The impact of insulin-like growth factor index and biologically effective dose on outcomes after stereotactic radiosurgery for acromegaly: Cohort study

Christopher S. Graffeo, Diane Donegan, Dana Erickson, Paul D. Brown, Avital Perry, Michael J. Link, William F. Young, Bruce E. Pollock

Research output: Contribution to journalArticlepeer-review

16 Scopus citations


BACKGROUND: Stereotactic radiosurgery (SRS) is a safe and effective treatment for acromegaly. OBJECTIVE: To improve understanding of clinical and dosimetric factors predicting biochemical remission. METHODS: A single-institution cohort study of nonsyndromic, radiation-naïve patients with growth hormone-producing pituitary adenomas (GHA) having single-fraction SRS between 1990 and 2017. Exclusions were treatment with pituitary suppressive medications at the time of SRS, or <24 mo of follow-up. The primary outcome was biochemical remission-defined as normalization of insulin-like growth factor-1 index (IGF-1i) off suppression. Biochemical remission was assessed using Cox proportional hazards. Prior studies reporting IGF-1i were assessed via systematic literature review and meta-analysis using random-effect modeling. RESULTS: A total of 102 patients met study criteria. Of these, 46 patients (45%) were female. The median age was 49 yr (interquartile range [IQR] = 37-59), and the median follow-up was 63 mo (IQR = 29-100). The median pre-SRS IGF-1i was 1.66 (IQR = 1.37-3.22). The median margin dose was 25 Gy (IQR = 21-25); the median estimated biologically effective dose (BED) was 169.49 Gy (IQR = 124.95-196.00). Biochemical remission was achieved in 58 patients (57%), whereas 22 patients (22%) had medication-controlled disease. Pre-SRS IGF-1i ≥ 2.25 was the strongest predictor of treatment failure, with an unadjusted hazard ratio (HR) of 0.51 (95% CI = 0.26-0.91, P =.02). Number of isocenters, margin dose, and BED predicted remission on univariate analysis, but after adjusting for sex and baseline IGF-1i, only BED remained significant-and was independently associated with outcome in continuous (HR = 1.01, 95% CI = 1.00-1.01, P =.02) and binary models (HR = 2.27, 95% CI = 1.39-5.22, P =.002). A total of 24 patients (29%) developed new post-SRS hypopituitarism. Pooled HR for biochemical remission given subthreshold IGF-1i was 2.25 (95% CI = 1.33-3.16, P <.0001). CONCLUSION: IGF-1i is a reliable predictor of biochemical remission after SRS. BED appears to predict biochemical outcome more reliably than radiation dose, but confirmatory study is needed.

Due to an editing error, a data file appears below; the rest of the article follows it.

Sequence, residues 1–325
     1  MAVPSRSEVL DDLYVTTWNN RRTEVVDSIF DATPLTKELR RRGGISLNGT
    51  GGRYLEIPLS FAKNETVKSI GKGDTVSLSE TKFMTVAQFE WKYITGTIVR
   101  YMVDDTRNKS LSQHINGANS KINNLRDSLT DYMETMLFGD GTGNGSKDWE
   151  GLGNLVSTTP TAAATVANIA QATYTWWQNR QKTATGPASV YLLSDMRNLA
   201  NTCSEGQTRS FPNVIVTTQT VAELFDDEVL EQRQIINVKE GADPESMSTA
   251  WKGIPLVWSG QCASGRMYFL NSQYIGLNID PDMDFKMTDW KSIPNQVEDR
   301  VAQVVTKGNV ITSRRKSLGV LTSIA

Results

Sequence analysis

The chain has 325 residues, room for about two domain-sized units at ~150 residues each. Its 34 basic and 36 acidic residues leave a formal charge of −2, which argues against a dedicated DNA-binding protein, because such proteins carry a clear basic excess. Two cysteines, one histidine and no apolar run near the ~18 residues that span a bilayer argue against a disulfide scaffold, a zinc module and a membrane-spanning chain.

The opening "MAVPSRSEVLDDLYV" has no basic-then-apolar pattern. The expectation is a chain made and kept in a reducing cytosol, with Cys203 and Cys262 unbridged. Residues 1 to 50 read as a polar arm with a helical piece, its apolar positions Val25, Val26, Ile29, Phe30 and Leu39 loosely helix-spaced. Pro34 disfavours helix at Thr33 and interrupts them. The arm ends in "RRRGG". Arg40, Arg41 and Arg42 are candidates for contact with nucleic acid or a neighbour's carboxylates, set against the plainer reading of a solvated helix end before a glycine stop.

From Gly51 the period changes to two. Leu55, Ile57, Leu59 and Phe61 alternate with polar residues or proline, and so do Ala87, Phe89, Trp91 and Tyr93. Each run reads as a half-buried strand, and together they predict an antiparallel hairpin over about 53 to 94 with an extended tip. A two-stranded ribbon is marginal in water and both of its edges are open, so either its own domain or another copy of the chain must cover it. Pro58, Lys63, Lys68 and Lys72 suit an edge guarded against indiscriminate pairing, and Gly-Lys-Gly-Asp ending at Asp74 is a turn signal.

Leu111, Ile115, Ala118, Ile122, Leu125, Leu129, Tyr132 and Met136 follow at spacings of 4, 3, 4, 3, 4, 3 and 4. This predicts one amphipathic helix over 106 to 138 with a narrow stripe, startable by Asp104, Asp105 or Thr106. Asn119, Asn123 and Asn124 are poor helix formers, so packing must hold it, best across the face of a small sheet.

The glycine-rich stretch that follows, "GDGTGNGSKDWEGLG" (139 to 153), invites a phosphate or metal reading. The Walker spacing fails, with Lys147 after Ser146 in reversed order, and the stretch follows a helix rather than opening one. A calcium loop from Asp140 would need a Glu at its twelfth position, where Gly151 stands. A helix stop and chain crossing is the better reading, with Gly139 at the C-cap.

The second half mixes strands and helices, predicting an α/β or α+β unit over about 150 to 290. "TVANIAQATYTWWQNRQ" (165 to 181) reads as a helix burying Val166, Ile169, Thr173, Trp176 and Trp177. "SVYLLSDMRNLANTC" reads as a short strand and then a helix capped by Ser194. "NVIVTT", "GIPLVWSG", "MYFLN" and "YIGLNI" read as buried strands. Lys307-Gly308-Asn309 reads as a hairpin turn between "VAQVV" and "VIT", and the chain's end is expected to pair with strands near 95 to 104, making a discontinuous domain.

Original languageEnglish (US)
Pages (from-to)538-546
Number of pages9
Issue number3
StatePublished - Sep 1 2020


  • Acromegaly
  • Biologically effective dose
  • Dosimetry
  • Evidence-based medicine
  • Growth hormone
  • Insulin-like growth factor
  • Radiobiology
  • Stereotactic radiosurgery

ASJC Scopus subject areas

  • Surgery
  • Clinical Neurology


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